EMBARGOED UNTIL: Thursday, September 12, 11:00 AM MDT
(Session 159, Paper H-1255)
UT MD Anderson Cancer Ctr., Houston, TX, United States
At 30 years into the human immunodeficiency virus (HIV) infection epidemic, the optimal antiretroviral (ARV) treatment in infected patients with cancer remains unknown. We therefore sought to retrospectively study HIV-infected cancer patients who received different ARV regimens, consisting of nucleoside reverse transcriptase inhibitors (NRTIs) plus 1) protease inhibitors (PIs), 2) non-NRTIs (NNRTIs), 3) integrase strand-transfer inhibitors (INSTIs), or 4) combinations of them. Raltegravir was the only available during the study period. We studied a total of 154 patients. Most of the patients were male (80%) and white (51%). The most common underlying malignancy was hematologic (n = 90 [58%]), primarily non-Hodgkin lymphoma (n = 64 [71%]). Among the 64 patients with solid tumors, most had gastrointestinal cancer (n = 20 [31%]). Nineteen patients (12%) underwent hematopoietic stem cell transplantation. Patients received NRTIs with PIs (37%), NNRTIs (32%), INSTIs (19%), or combinations of these regimens (11%). INSTIs were the most common ARVs used in patients with hematologic malignancies (P<.001) and in those receiving high-dose steroids or specific chemotherapeutic agents (topoisomerase inhibitors, alkylating agents, or antimetabolites). Side effects occurred in 35%, 14%, 3%, and 6% of patients receiving PIs, NNRTIs, INSTIs, and regimen combinations, respectively (P=.001). Multiple logistic regression analysis demonstrated that INSTIs and NNRTIs were six times (95% confidence interval, 1.1-39.6) and nine times (95% confidence interval, 1.6-56.2) more likely to be effective at 6 months, respectively, than PI regimens. This is the largest reported analysis of administration of different ARV regimens in HIV-infected cancer patients. Combinations that included PIs were the least favorable. NNRTIs and INSTIs had comparable efficacy, but based on its safety, INSTIs (raltegravir) appeared to be the ARVs of choice for HIV-infected patients with hematologic malignancies or those receiving various chemotherapeutic agents.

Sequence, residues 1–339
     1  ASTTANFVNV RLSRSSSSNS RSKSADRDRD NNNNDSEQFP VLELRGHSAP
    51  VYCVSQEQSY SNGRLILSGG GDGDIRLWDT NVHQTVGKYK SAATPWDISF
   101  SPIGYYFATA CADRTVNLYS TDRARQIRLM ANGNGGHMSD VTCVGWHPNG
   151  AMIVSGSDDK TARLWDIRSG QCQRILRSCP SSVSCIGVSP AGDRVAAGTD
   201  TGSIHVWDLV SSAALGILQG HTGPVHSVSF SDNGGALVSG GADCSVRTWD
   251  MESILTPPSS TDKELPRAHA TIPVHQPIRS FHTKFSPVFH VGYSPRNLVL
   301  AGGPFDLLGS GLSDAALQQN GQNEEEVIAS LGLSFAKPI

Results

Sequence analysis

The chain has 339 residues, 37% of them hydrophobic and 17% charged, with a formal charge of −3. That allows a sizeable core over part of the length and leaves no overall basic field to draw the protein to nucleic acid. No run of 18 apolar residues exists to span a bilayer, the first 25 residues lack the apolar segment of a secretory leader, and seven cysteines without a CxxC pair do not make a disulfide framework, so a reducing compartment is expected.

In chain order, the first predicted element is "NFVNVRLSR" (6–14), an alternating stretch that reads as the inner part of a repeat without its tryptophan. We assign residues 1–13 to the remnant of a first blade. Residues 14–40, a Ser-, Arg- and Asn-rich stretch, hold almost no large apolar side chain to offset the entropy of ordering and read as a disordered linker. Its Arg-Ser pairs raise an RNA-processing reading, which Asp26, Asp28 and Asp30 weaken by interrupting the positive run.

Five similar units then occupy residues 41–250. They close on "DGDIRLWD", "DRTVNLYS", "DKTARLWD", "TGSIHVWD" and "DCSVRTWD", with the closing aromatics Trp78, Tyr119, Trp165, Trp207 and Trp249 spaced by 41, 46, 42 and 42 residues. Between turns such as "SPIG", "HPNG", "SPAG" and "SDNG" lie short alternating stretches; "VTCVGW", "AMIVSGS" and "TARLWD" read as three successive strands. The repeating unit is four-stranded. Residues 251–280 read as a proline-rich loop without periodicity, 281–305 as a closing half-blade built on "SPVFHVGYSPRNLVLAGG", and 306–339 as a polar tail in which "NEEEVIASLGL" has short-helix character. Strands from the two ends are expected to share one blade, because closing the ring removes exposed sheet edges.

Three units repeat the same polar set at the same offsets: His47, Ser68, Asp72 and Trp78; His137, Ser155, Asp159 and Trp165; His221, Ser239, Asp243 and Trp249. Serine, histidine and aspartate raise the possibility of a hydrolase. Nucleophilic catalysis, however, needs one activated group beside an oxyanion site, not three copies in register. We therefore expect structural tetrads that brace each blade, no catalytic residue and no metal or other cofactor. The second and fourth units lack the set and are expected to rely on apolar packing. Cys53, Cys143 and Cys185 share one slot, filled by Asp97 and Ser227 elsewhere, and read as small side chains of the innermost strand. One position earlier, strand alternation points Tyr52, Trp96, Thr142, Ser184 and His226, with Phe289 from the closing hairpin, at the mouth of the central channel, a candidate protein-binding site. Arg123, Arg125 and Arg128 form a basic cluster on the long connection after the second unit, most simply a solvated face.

In collaboration with the co-authors listed above, Dr. Harrys A. Torres, an Assistant Professor of Medicine, designed and carried out this investigator-initiated study sponsored by Merck & Co., Inc. They conducted the study at The University of Texas MD Anderson Cancer Center and will present the results at the Interscience Conference on Antimicrobial Agents and Chemotherapy in Denver, CO, on September 11, 2013.
The need for concurrent treatment of cancer and HIV infection with antineoplastic agents and ARVs is increasing. Our preliminary results appear to be promising, providing for the first time clinically relevant information on ARV-based treatment in HIV-infected cancer patients receiving various chemotherapeutic agents. However, our results should be interpreted with caution given the study’s retrospective nature, and lack of pharmacokinetic assessment. Prospective studies are required to further define the toxicity profiles of HIV-infected cancer patients receiving chemotherapy. Such studies should aid the development of specific guidelines for treatment in this patient population.